First, it was a T3 at the Price Cutter Charity Championship. Then it was a T4 in the KC Golf Classic, a tournament they had a chance to win in Thompson’s back yard.
They planned to take a week off after that, but plans change.
“The two top-5s basically put us right around 30th on the money list and the top 25 at the end of the regular season earn a PGA Tour card for the next season,” Hartzog said. “I was in his basement watching TV to plan on what we were going to do. He asked if we should go. We threw some ideas out and decided to sleep on it. When we woke up the next morning, we decided we were going to San Francisco for the Ellie Mae Classic.”
Great decision, it was. Thompson finished alone in third place and picked up $40,800 to move to No. 19 on the money list with one regular season event to go.
“That finish basically made it so that all we had to do was make the cut in Portland for a Tour card,” Hartzog said.
And make the cut they did. Thompson finished T24 in Portland and finished the regular season at No. 20 on the money list, good for a coveted PGA Tour card for the 2018-19 season, where Thompson will be a 42-year-old rookie.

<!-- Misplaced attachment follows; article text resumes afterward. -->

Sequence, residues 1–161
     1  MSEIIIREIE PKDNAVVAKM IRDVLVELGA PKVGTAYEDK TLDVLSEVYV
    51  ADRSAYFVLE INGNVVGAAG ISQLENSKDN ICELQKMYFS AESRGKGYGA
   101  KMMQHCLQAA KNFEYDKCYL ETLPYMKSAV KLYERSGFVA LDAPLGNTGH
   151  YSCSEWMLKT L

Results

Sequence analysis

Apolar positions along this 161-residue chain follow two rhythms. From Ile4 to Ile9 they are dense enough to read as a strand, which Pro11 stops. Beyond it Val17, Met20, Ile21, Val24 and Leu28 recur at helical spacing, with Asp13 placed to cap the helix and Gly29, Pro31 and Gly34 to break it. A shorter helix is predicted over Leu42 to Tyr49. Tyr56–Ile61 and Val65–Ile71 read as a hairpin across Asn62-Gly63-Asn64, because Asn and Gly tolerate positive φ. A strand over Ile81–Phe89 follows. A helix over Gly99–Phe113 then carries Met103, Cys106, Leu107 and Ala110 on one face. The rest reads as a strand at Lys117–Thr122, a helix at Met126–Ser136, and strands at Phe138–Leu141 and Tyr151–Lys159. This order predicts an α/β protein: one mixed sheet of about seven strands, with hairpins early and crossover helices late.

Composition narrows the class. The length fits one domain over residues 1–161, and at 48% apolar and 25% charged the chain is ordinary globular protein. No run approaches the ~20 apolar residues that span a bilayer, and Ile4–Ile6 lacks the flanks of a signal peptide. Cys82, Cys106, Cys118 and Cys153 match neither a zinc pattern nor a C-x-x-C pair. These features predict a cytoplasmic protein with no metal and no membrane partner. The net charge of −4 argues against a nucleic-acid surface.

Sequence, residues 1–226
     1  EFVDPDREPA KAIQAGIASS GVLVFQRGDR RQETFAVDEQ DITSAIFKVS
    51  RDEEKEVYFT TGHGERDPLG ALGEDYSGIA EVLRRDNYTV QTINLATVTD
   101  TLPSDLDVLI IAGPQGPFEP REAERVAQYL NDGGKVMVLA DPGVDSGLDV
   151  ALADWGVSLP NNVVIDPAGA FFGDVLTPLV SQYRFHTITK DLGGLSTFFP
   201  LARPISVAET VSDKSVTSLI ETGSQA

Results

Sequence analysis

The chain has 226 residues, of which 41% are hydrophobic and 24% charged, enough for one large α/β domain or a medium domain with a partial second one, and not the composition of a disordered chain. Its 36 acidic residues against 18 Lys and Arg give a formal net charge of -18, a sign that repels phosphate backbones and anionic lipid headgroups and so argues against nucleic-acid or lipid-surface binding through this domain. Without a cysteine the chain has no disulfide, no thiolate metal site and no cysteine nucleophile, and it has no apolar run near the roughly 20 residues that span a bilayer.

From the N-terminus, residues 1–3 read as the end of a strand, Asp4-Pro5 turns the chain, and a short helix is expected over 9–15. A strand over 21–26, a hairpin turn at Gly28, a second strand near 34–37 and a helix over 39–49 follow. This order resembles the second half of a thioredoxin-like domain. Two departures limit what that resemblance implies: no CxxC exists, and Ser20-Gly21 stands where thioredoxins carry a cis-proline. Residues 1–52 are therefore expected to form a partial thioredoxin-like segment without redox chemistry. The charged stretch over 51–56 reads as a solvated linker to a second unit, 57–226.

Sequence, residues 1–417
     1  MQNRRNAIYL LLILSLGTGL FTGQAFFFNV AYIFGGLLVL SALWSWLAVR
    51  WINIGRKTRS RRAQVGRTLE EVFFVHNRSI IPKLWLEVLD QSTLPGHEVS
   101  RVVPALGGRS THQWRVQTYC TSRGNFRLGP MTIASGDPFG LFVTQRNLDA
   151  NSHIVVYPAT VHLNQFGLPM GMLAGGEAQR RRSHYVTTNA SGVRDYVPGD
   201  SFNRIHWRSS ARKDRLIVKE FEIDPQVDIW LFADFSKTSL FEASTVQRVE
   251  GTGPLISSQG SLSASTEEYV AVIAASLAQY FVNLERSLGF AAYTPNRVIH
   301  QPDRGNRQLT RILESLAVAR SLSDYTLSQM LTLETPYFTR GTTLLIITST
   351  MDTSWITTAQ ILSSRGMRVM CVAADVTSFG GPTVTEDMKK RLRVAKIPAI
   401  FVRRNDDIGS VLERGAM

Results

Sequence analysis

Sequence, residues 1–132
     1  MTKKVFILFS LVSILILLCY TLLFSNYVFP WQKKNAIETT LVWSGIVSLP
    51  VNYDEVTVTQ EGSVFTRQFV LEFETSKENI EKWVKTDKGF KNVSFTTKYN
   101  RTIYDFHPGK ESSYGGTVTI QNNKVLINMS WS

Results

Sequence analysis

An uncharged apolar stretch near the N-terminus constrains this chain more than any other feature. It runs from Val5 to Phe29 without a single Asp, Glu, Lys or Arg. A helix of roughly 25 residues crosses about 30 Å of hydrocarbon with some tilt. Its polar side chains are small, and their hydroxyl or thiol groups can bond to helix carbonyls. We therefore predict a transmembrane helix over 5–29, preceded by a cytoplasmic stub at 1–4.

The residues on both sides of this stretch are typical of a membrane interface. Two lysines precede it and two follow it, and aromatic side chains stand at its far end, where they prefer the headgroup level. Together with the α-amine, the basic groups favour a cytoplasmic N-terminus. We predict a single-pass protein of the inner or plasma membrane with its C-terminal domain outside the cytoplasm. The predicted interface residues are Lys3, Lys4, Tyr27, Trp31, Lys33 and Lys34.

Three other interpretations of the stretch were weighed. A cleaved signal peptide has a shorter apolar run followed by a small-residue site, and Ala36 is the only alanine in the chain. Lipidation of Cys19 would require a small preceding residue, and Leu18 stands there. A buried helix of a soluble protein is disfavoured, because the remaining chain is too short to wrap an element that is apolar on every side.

“I met Chris eight weeks ago to caddie for him in Wichita,” Hartzog said, almost not believing what he was saying. “Eight weeks later, we have a PGA Tour card and we’re at the Web playoffs free-wheeling it, trying to get as high on the money list as we can. We’re trying to figure out what it takes to win, finish in the top-10 consistently and how to do those things on the big tour next year. We have the stress of tournament golf, but also a little freedom having secured a Tour card already. It’s been an awesome eight weeks. I went from not knowing if I’d have a job to having a job for a year and a half if I wanted it, and six weeks after being offered that gig, suddenly having a PGA Tour card. It’s crazy.”